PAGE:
AUGUST 20Through the window comes the murmur of the sea mingled with the laughter of the night's last revelers, a sound that might be the waiters clearing the tables on the terrace, an occasional car driving slowly along the Paseo Marítimo, and a low and unidentifiable hum from the other rooms in the hotel. Ingeborg is asleep, her face placid as an angel's. On the night table stands an untouched glass of milk that by now must be warm, and next to her pillow, half hidden under the sheet, a Florian Linden detective novel of which she read only a few pages before falling asleep. The heat and exhaustion have had the opposite effect on me: I'm wide-awake. I usually sleep well, seven or eight hours a night, though I hardly ever go to bed tired. In the mornings I wake up ready to go and I can keep going for eight or ten hours straight. As far as I know, it's always been like that; it's how I was made. No one taught me to be this way, it's just how I am, and by that I don't mean to suggest that I'm better or worse than anybody else, than Ingeborg herself, for example, who on Saturdays and Sundays doesn't get up until after noon and who during the week needs two cups of coffee--and a cigarette--before she manages to really wake up and get off to work. Tonight, though, I'm too hot and tired to sleep. Also, the urge to write, to set down the events of the day, keeps me from getting into bed and turning out the light.The trip came off without any mishaps worth mentioning. Westopped in Strasbourg, a pretty town, though I'd been there before. We ate at a kind of roadside market. At the border, despite what we'd been told to expect, we didn't have to stand in line or wait more than ten minutes to cross over. Everything was quick and efficient. After that I drove because Ingeborg doesn't trust the drivers here, I think because she had a bad experience on a Spanish highway years ago when she was a girl on vacation with her parents. Also, she was tired, as is only natural.At the hotel reception desk we were helped by a very young girl who spoke decent German, and there was no problem finding our reservations. Everything was in order, and as we were on our way up I spotted Frau Else in the dining room; I recognized her right away. She was setting a table as she made some remark to a waiter who stood next to her holding a tray full of salt shakers. She was wearing a green suit, and pinned on her chest was a metal brooch with the hotel logo.The years had scarcely touched her.The sight of Frau Else brought back my adolescence, its dark and bright moments: my parents and my brother at breakfast on the hotel terrace, the music that at seven in the evening began to drift across the main floor from the restaurant speakers, the idle laughter of the waiters, and the plans made by the kids my age to go night swimming or out to the clubs. What was my favorite song back then? Each summer there was a new one, resembling in some way the songs from previous summers, hummed and whistled constantly and played at the end of the night by all the clubs in town. My brother, who has always been particular when it comes to music, would carefully choose what tapes to bring along on vacation; I preferred to pick up some new tune at random, inevitably the song of the summer. I had only to hear it two or three times, purely by chance, in order for its notes to follow me through sunny days and the new friendships that enlivened our vacations. Fleeting friendships, when I look back today, existing only to banish the faintest hint of boredom. Of all those faces only a few linger in memory. First, that of Frau Else, who won me over from the start, which made me the butt of jokes and teasing by my parents, whoeven made fun of me in front of Frau Else and her husband, a Spaniard whose name I can't recall, with references to my supposed jealousy and the precocity of youth that made me blush to the roots of my hair and that inspired in Frau Else an affectionate sense of camaraderie. After that I thought she showed a special warmth in her treatment of me. Also, although it is a very different case, there was José (was that his name?), a boy my age who worked at the hotel and who took us, my brother and me, to places where we'd never have gone without him. When we said good-bye for the last time, possibly guessing that we wouldn't spend the next summer at the Del Mar, my brother gave him a couple of rock tapes and I gave him an old pair of jeans. Ten years have gone by and I still remember the tears that filled José's eyes as he clutched the folded jeans in one hand and the tapes in the other, not knowing what to do or say, murmuring (in an English that my brother was always making fun of): Good-bye, dear friends, good-bye, dear friends, etc., while we told him in Spanish--a language that we spoke with some fluency; not for nothing had our parents vacationed in Spain for years--not to worry, the next summer we'd be like the Three Musketeers again, and that he should stop crying. We got two postcards from José. I answered the first one in my name and my brother's. Then we forgot about José and never heard from him again. There was also a boy from Heilbronn called Erich, the best swimmer of the season, and Charlotte, who liked to lie on the beach with me although it was my brother who was crazy about her. Then there was poor Aunt Giselle, my mother's youngest sister, who came with us on the second-to-last summer we spent at the Del Mar. More than anything else, Aunt Giselle loved bullfighting, and she couldn't get enough of the fights. Indelible memory: my brother driving my father's car with complete impunity and me sitting next to him, smoking, without a word from anyone, and Aunt Giselle in the backseat staring in ecstasy at the foam-splashed cliffs and the deep green of the sea beneath us with a smile of satisfaction on her pale lips and three posters, three treasures, on her lap, proof that she, my brother, and I had rubbed shoulders with the bullfighting greats at the Plaza de Toros in Barcelona.I know my parents disapproved of many of the activities that Aunt Giselle pursued with such passion, just as they weren't pleased by the freedoms she permitted us, excessive for children, as they saw it, although by then I was nearly fourteen. At the same time, I've always suspected that it was we who looked after Aunt Giselle, a task my mother assigned us without anyone realizing, surreptitiously and with great trepidation. In any case, Aunt Giselle was with us for only one summer, the summer before the last we spent at the Del Mar.That's almost all I remember. I haven't forgotten the laughter at the tables on the terrace, the galleons of beer that were emptied as I looked on in astonishment, the dark, sweaty waiters crouched in a corner of the bar talking in low voices. Random images. My father's happy smile and approving nods, a shop where we rented bicycles, the beach at nine thirty at night, still with a faint glow of sunlight. The room we had then was different from the one we're in now; whether better or worse I can't say, different, on a lower floor, and bigger, big enough to fit four beds, and with a large balcony facing the sea, where my parents would settle in the afternoons after lunch to play infinite card games. I'm not sure whether we had a private bathroom or not. Probably some summers we did and others we didn't. Our room now does have its own bathroom and also a nice big closet, and a huge bed, and rugs, and a marble table on the terrace, and green curtains of a fabric silky to the touch, and white wooden shutters, very modern, and direct and indirect lights, and some well-concealed speakers that play soft music at the touch of a button ... No doubt about it, the Del Mar has come up in the world. The competition, to judge from the quick glance I got from the car as we were driving along the Paseo Marítimo, hasn't been left behind either. There are hotels that I don't remember, and apartment buildings have sprung up on once vacant lots. But this is all speculation. Tomorrow I'll try to talk to Frau Else and I'll take a walk around town.Have I come up in the world too? Absolutely. Back then I hadn't met Ingeborg and today we're a couple; my friendships are more interesting and deeper (with Conrad, for example, who is like asecond brother to me and who will read what's written here); I know what I want and I have a better sense of perspective; I'm financially independent; I'm never bored now, which wasn't true in my adolescence. According to Conrad, the true test of health is lack of boredom, which means that I must be in excellent health. I don't think it's an exaggeration to say that my life has never been better.Most of the credit goes to Ingeborg. Meeting her was the best thing that ever happened to me. Her sweetness, her charm, her soft gaze, put everything else--my own daily struggles and the backstabbing of those who envy me--into perspective, allowing me to face facts and rise above them. Where will our relationship lead? I ask this because relationships between young people today are so fragile. I'd rather not give it too much thought. Better to focus on the positive: loving her and taking care of her. Of course, if we end up getting married, so much the better. A life at Ingeborg's side: could I ask for anything more in matters of the heart?Time will tell. For now her love is ... But not to wax poetic. These vacation days will also be workdays. I have to ask Frau Else for a bigger table, or two small tables, to set up the game. Just thinking about the possibilities of my new opening strategy and all the various outcomes makes me want to get the game out right now and test it. But I won't. I have the energy only to write a little more. The trip was long and yesterday I hardly slept, partly because it was Ingeborg's and my first trip together and partly because it would be my first time back at the Del Mar in ten years.Tomorrow we'll have breakfast on the terrace. When? Ingeborg will probably get up late. Was there a set time for breakfast? I can't remember; I don't think so. In any case we could also have breakfast at a certain café in town, an old place that always used to be full of fishermen and tourists. When I was here with my parents we always ate there or at the Del Mar. Will it have closed? Anything can happen in ten years. I hope it's still open.Copyright © 2011 by the heirs of Roberto Bolaño Translation copyright © 2011 by Natasha Wimmer All rights reserved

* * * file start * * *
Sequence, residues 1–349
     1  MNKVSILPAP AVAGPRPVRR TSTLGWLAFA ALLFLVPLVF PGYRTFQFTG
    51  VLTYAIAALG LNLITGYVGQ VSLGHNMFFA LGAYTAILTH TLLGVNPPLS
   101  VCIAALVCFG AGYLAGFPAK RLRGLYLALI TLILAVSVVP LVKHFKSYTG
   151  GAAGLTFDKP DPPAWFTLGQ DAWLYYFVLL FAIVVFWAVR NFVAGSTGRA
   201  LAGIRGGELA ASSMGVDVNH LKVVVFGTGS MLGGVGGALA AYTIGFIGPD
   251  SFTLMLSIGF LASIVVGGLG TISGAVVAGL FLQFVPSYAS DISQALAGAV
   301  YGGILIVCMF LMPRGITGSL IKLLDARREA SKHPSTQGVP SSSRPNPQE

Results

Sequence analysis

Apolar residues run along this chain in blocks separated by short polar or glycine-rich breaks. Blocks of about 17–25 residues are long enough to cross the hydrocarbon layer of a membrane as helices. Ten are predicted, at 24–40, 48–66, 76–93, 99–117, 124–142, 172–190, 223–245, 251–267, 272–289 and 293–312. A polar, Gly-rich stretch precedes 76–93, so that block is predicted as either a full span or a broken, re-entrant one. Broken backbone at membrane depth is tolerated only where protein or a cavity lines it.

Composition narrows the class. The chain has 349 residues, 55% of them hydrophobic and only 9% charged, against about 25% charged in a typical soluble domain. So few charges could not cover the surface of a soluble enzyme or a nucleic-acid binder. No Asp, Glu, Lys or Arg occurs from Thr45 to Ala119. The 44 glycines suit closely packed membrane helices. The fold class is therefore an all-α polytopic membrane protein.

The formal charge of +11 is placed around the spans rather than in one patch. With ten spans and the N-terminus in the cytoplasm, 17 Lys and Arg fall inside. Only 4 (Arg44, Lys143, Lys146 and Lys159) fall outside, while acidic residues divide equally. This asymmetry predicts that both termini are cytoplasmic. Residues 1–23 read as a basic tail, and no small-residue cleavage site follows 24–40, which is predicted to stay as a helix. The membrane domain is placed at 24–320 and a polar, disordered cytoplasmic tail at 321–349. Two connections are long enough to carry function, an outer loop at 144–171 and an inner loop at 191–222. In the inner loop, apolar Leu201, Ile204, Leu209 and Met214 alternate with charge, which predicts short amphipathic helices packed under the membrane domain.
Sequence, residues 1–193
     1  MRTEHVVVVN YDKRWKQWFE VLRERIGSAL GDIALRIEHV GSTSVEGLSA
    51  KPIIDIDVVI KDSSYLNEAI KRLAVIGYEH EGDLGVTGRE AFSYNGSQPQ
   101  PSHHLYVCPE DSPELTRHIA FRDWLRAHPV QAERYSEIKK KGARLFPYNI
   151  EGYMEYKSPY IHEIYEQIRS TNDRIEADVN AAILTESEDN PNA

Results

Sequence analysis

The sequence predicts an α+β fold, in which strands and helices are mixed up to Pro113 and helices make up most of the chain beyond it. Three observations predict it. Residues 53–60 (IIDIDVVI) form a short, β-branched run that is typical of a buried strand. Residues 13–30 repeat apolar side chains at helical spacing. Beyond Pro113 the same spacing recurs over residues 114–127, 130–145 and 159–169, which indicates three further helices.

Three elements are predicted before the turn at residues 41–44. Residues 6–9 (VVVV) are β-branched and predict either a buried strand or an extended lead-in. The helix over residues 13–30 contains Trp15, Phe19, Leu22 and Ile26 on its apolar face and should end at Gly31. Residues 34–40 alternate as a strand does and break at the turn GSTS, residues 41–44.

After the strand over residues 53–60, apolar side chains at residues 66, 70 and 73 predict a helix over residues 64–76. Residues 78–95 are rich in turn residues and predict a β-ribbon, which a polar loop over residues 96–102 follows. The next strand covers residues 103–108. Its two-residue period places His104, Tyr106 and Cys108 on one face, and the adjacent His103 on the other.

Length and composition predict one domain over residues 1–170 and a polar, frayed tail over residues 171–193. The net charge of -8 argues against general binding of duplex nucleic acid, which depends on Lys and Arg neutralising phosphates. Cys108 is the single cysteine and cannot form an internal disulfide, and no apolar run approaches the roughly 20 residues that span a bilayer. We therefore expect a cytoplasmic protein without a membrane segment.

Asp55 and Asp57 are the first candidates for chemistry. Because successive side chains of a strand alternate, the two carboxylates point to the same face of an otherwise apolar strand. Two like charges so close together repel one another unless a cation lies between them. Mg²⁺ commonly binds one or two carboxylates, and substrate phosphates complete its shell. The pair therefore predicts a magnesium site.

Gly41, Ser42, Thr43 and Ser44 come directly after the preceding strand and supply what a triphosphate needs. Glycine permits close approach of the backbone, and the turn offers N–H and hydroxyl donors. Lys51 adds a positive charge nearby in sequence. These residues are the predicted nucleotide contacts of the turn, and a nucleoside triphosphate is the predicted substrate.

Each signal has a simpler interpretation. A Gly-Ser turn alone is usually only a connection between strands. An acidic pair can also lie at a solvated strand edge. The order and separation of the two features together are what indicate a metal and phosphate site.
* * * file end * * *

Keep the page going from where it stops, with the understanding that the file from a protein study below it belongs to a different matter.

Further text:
Continues...